Disruptor. DO – Be purposeful, strategic, clear on opinions, ask to share. AVOID – Antagonising, being personal, going against everything. TRY – Articulating the ideal outcome before challenging, using impartial language.

Driver. DO – Build and keep momentum, focus on people and outcome. AVOID – Too tight a schedule, untimely interrupts, sapping the fun. TRY – Setting the scene early on, allowing time for team building, using coaching techniques.

Facilitator. DO – Engage, listen, welcome and create a safe space. AVOID – taking over, inequality of conversation. TRY – Challenging bad behaviours, praising good ones, setting clear guidelines. Using the roles.

Inspirator. DO – Be emotive, believable, transparent, optimistic. AVOID – Being too conceptual, unachievable, forcing the issue, pitching at the wrong level. TRY – Findings what’s in it for them, showing the how, using their language.

Moderator. DO – Be topical, considerate, have situational awareness. AVOID – Hoarding power, unequal treatment, mixed messages/rules. TRY – Setting guidelines early, providing rationale and stories.

Observer. DO – Take notes, listen, write down questions. AVOID – Interrupting without permission, sharing outside of the meeting attendees. TRY – Using the chat, counting to 30 seconds before asking, book time in with people before and after the meeting.

SME (Subject Matter Expert). DO – Bring domain/business knowledge, offer timely and appropriate insight. AVOID – Taking over, staying quiet, pushing an agenda. TRY – Asking curious questions to offer alternatives, refer back to the outcomes, allowing time to prepare.

Timekeeper. Do – Add timings to the agenda, give early warnings. AVOID – Cutting people off, letting things over run. TRY – Explaining how you’re going to ‘interrupt’ a topic, offering options to discuss further or move one with clarity of the consequences.

Visualiser. DO – Draw the conversation, show all perspectives. AVOID – Using the pen to take control, adding content that’s off topic. TRY – Asking if it’s ok to visualise, using words in mindmap form, letting others contribute to the visualisation.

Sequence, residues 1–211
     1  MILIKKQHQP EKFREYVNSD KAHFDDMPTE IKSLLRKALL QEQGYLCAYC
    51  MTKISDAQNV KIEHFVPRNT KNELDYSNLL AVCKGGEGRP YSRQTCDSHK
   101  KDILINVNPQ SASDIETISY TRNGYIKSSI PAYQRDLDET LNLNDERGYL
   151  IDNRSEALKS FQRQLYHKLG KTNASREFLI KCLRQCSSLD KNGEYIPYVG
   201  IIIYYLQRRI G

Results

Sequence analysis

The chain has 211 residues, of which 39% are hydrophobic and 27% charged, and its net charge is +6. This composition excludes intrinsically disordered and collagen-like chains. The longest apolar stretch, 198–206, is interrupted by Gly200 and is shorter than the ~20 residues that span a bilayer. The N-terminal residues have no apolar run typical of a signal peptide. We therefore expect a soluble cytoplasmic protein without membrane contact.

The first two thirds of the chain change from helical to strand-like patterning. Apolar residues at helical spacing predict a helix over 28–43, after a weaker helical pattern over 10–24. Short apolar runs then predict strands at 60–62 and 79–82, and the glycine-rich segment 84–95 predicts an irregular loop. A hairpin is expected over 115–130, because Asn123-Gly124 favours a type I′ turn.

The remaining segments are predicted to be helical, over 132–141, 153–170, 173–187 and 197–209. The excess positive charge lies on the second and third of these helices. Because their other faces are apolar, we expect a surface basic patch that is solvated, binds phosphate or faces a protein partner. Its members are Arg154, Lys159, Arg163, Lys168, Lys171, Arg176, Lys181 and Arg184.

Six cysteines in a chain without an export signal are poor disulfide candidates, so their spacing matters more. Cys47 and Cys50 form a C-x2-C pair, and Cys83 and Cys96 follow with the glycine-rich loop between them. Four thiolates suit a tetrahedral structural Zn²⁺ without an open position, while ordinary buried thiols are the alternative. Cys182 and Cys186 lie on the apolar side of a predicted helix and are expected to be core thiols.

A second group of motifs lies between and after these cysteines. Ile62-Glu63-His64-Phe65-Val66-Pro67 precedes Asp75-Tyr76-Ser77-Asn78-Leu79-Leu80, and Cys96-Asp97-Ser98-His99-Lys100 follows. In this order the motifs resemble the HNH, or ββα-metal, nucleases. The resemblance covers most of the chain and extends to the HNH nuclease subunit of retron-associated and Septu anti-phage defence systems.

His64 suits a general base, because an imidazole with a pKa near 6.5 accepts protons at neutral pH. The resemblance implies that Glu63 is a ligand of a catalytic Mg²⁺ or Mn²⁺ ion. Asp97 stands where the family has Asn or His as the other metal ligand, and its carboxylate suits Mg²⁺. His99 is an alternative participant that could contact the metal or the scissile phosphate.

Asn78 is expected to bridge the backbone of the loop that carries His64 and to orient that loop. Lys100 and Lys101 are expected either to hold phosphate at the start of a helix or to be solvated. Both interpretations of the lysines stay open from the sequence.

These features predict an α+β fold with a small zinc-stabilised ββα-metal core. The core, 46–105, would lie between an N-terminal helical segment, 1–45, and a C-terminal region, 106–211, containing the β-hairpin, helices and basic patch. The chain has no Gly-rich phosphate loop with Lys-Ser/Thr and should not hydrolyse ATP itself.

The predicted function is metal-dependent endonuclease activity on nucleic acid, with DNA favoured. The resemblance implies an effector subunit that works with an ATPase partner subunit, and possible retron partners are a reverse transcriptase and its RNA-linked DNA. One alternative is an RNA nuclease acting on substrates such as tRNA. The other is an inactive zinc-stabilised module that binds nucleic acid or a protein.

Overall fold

Wallflower. DO – Follow Chatham house rules, ask in the chat to speak. AVOID – Gossiping and interruptions. TRY – To remain on mute, find/share your purpose, attend specific segments. Catch up with people before and after.

Applying the roles

Following on from understanding and elevating the roles, try the five options below to apply them in the next remote meetings that you host or attend.  

Assign team roles.  In your meeting, consider making a role into a team activity. Be sure to explain clearly what the role involves and help people adjust into it. The six hat model is a great example of how to apply this.

Assign breakout room roles.  When using breakout rooms try assigning individual roles. This is great for problem solving, timekeeping and adding structure to conversation, whilst finding opportunity to think differently. Be sure to brief people on what the roles entail.

Assign individual roles.  Before the meeting, ask participants if they’ll play a specific role. If someone is confident and talkative, ask them to be timekeeper and scribe, if someone is reflective then ask them for some challenger questions to bring to the meeting. This is great for avoiding groupthink and challenging individuals out of their comfort zone.  

Remove unwanted roles before the meeting.  If you’re removing a role because it’s inconvenient, challenging or ‘slowing things down’ then reconsider the section on elevating roles. When removing a role ensure individuals are still engaged outside of the meeting, enabling you to receive another perspective and preventing disruption in the further.

Remove unwanted roles during the meeting.  Refer to the outcomes you’re trying to achieve and provide a maximum of three, ideally two, options to the group for how to proceed. You might offer to turn the issue into a timeboxed team role or book a follow up with the people involved to enable you to move on with the meeting.

Supporting content

Any meeting, remote or face to face, requires preparation, application and follow up. We’ve unlocked one element (the roles) of a successful meeting. The content below gives a range of additional ideas and techniques to consider how you might elevate the meetings that you attend and host.

My thanks.

Thanks to our participants for their open minded and creative approach to these sessions, while giving up time in their evenings and mornings. Should you wish to be involved in the conversation, or share your own insights, send me an email at